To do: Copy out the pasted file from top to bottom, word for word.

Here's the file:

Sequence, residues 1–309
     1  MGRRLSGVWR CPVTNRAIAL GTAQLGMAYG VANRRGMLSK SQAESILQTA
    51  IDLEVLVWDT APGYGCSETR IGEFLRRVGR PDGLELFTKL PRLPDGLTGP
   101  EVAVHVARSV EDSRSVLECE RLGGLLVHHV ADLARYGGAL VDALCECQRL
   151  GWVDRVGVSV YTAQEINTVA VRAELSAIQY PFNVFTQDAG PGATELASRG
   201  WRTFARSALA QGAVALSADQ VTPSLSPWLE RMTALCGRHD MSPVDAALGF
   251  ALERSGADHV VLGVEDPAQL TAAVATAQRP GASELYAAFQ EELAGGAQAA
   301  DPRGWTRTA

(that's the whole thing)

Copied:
Sequence, residues 1–309
     1  MGRRLSGVWR CPVTNRAIAL GTAQLGMAYG VANRRGMLSK SQAESILQTA
    51  IDLEVLVWDT APGYGCSETR IGEFLRRVGR PDGLELFTKL PRLPDGLTGP
   101  EVAVHVARSV EDSRSVLECE RLGGLLVHHV ADLARYGGAL VDALCECQRL
   151  GWVDRVGVSV YTAQEINTVA VRAELSAIQY PFNVFTQDAG PGATELASRG
   201  WRTFARSALA QGAVALSADQ VTPSLSPWLE RMTALCGRHD MSPVDAALGF
   251  ALERSGADHV VLGVEDPAQL TAAVATAQRP GASELYAAFQ EELAGGAQAA
   301  DPRGWTRTA